Both the United States and Russia have upgraded their arsenals in ways that make the use of nuclear weapons likelier, without any basic public discussion, and almost exclusively behind closed doors but one congressman is challenging he n arms race.

House Armed Services Committee Chairman Adam Smith (D-WA) said the Congressional Budget Office’s latest report indicating a $94 billion increase in the estimated cost means taxpayers cannot afford nuclear weapons complex upgrades.

“The current U.S. plans to replace and upgrade the nuclear weapons enterprise are unaffordable,” said Smith. “The latest independent cost estimate for these upgrades is $94 billion higher than just two years ago, and we know the costs will continue to increase.”

House Armed Services Committee Chairman Adam Smith (D-WA)

Smith wants to curtail the $1.2 trillion modernization of the nation’s sea-, air- and ground-based nuclear forces due to the growing $23 trillion national debt and a need to modernize conventional military forces.

“The Congressional Budget Office estimated the nuclear weapons upgrade will cost at least $1.25 trillion over 30 years, but the Pentagon has a history of huge cost overruns on large projects,” said Lisa McCormick, a Democrat who says military spending and violence have not been well considered. “America should be a force for peace in the world, but Martin Luther King called our government ‘the greatest purveyor of violence in the world’ and nothing has really changed in my lifetime.”

“Now, as then, ending US militarism and imperialism is a moral imperative in its own right, but it is also a indispensable to achieving meaningful reforms in American domestic life,” said McCormick. “While the US remains ‘a nation that continues year after year to spend more money on military defense than on programs of social uplift,’ our society will not resolve social problems such as wealth inequality, gun violence, racial strife.”

In November, Smith told the anti-nuke Ploughshares Fund that the country cannot afford nuclear modernization. Instead, he would prefer a reduction in the nuclear arsenal—and a possible departure from nuclear triad—in exchange for more conventional weapons systems.

“In recent times, U.S. national defense policy planning has largely refused to grapple with the size and scope of the budgetary burden that these nuclear modernization plans will impose,” said Smith. “We cannot continue to blindly follow that path without a strategic discussion that asks the big questions about the best way to deter nuclear war, reassure our allies, maintain a credible and reliable deterrent, and accomplish our national objectives while taking into account budgetary reality.”

“We must make smart choices in order to put our deterrent on an affordable and sustainable path in the decades to come and to reduce the risk of nuclear war,” said Smith.

The U.S. has not produced a new nuclear warhead since 1988. The oldest warhead in the arsenal, the B61 gravity bomb, was first deployed in 1963, designed for a 10-year operational life.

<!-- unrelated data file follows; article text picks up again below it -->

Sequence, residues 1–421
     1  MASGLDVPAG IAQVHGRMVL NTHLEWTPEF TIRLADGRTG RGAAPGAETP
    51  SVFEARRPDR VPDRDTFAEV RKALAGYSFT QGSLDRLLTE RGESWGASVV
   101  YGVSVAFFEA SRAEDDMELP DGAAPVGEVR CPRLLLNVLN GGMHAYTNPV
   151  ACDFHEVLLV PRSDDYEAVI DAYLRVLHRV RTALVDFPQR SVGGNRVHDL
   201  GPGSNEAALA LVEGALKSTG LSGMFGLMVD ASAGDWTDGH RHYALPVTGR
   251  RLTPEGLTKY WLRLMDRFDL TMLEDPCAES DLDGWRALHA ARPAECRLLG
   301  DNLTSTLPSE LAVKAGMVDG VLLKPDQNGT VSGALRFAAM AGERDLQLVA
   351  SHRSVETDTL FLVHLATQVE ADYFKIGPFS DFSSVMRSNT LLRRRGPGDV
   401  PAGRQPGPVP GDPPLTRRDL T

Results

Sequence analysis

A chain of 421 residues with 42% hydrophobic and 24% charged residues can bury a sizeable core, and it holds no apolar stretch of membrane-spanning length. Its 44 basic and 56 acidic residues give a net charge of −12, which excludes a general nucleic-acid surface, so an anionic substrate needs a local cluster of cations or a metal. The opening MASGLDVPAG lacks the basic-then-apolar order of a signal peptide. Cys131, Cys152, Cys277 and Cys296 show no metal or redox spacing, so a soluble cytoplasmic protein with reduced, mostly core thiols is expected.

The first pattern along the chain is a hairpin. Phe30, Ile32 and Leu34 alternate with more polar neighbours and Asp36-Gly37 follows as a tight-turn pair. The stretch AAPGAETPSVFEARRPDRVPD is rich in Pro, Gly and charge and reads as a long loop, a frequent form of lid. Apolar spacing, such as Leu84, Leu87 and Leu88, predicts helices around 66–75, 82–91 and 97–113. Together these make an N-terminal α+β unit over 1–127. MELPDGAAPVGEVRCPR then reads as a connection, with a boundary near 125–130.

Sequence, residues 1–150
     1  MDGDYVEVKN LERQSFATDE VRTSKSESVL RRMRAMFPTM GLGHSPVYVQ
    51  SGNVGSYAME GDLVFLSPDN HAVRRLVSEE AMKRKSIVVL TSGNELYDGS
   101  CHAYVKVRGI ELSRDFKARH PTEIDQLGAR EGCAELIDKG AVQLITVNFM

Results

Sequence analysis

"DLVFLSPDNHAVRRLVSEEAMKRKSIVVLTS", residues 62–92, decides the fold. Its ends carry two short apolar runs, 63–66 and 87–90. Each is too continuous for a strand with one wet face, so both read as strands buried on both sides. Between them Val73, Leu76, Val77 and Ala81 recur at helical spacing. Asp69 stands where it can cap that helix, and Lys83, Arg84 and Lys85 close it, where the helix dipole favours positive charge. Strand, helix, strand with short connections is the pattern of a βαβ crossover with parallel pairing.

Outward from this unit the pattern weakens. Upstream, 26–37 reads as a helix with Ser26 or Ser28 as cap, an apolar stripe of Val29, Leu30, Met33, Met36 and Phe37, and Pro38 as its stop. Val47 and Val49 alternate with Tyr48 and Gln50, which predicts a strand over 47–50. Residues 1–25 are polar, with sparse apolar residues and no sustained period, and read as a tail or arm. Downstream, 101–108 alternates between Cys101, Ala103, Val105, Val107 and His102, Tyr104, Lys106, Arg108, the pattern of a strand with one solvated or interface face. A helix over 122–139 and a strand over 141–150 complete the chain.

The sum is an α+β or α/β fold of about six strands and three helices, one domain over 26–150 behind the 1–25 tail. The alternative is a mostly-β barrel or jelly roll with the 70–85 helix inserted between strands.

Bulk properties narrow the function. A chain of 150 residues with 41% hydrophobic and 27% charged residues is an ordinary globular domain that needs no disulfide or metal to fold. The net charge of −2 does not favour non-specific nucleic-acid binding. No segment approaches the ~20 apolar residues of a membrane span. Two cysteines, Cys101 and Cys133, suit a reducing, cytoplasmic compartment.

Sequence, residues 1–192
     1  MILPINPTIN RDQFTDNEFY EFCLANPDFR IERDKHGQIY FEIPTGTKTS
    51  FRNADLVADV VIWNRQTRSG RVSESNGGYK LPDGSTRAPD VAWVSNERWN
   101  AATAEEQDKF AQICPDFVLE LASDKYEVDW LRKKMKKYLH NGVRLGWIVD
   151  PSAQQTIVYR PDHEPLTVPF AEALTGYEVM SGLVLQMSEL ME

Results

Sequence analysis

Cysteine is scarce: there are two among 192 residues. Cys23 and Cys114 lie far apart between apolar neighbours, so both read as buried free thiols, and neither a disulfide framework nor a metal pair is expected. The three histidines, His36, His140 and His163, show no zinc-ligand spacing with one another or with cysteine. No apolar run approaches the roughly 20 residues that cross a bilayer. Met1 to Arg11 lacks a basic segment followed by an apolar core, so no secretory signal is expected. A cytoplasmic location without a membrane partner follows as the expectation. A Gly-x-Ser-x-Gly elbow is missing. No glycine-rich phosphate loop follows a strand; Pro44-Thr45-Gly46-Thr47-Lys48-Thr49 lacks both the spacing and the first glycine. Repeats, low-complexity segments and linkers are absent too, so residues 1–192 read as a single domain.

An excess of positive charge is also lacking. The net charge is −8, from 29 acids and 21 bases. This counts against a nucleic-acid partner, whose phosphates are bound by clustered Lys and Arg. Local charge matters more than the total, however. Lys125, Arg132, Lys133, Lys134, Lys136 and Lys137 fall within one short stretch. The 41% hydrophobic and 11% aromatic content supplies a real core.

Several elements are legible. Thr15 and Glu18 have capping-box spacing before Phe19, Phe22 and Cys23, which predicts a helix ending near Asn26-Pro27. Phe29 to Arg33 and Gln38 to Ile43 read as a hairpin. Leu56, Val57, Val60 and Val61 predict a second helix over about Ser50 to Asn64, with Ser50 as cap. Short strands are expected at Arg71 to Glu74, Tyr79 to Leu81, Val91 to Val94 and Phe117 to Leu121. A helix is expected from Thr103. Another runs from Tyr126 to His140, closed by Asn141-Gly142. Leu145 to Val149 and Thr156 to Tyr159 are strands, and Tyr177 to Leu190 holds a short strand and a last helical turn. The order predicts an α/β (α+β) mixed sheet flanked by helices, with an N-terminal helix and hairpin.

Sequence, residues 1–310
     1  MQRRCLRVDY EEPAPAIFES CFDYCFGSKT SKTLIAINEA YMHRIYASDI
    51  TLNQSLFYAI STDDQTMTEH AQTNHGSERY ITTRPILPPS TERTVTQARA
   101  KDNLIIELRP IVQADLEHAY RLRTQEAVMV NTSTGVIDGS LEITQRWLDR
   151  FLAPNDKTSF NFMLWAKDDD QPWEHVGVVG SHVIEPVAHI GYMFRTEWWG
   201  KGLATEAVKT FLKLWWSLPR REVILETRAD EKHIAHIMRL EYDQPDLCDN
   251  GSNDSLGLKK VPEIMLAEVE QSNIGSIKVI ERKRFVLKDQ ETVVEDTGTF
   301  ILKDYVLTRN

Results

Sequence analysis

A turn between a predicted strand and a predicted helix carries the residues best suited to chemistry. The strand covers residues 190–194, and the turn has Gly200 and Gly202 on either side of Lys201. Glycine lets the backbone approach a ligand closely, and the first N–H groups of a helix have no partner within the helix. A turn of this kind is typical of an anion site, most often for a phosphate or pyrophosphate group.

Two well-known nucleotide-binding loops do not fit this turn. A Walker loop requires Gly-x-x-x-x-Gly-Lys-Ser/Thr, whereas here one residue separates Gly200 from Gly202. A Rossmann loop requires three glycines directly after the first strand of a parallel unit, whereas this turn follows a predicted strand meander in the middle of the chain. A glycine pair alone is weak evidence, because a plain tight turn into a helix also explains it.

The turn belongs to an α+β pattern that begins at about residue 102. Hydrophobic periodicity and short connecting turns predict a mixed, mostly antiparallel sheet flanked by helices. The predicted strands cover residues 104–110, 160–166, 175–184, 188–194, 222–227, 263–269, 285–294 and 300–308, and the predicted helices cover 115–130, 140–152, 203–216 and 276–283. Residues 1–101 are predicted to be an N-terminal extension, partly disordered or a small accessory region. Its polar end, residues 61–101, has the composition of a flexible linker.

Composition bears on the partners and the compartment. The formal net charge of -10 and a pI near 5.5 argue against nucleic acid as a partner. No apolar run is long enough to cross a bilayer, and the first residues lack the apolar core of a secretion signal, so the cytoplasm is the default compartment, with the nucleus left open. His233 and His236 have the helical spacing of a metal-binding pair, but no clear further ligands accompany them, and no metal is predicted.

Life-extension programs have kept many nuclear warheads operational for over 40 years. 

President Barack Obama campaigned on the idea of a “nuclear-free world,” but he eventually initiated a modernization program that is making nearly all of America’s nuclear weapons more accurate and deadly, after Russia’s invasion of Ukraine made a policy of unilateral disarmament untenable .

Obama transformed America’s main hydrogen bomb into a guided smart weapon, made submarine-launched nuclear missiles five times more accurate, and gave the United States’ land-based long-range missiles so many added features that the Air Force in 2012 described them as “basically new.” 

President Donald Trump seems eager to undo much of Obama’s legacy, but the Republican has enthusiastically embraced the Democrat’s nuclear modernization program. 

At the start of 2017 nine states—the United States, Russia, the United Kingdom, France, China, India, Pakistan, Israel and North Korea—possessed approximately 4,150 operationally deployed nuclear weapons. If all nuclear warheads are counted, these states together possessed a total of approximately 14 ,935 nuclear weapons, compared with 15,395 in early 2016.

The Stockholm International Peace Research Institute (SIPRI) recently reported that all nuclear weapon-possessing states are developing new systems and modernizing their existing arsenals; while the number of personnel deployed with peace operations worldwide continues to fall despite an increasing demand.

There are 400 Minuteman III Intercontinental Ballistic Missiles at 11 different launch silos scattered across the US that could target virtually any country on the globe, but they are not America’s only option for a nuclear strike.

The United States also maintains a fleet of nearly 100 nuclear-capable bombers, many of the stealth variety and all capable of delivering devastating payloads, and 14 Ohio-class nuclear-powered submarines designed for long deployments deep underwater, each containing 24 missile chutes that can launch Trident missiles with multiple independently targeted warheads possessing enough firepower to kill millions.

US-owned nukes are also stored in Turkey, Germany, the Netherlands, Italy, and Belgium.

There are no rules or laws in place to prevent a US president from unilaterally ordering a nuclear strike, but McCormick and others have advocated legislation to put common sense restraints in place.

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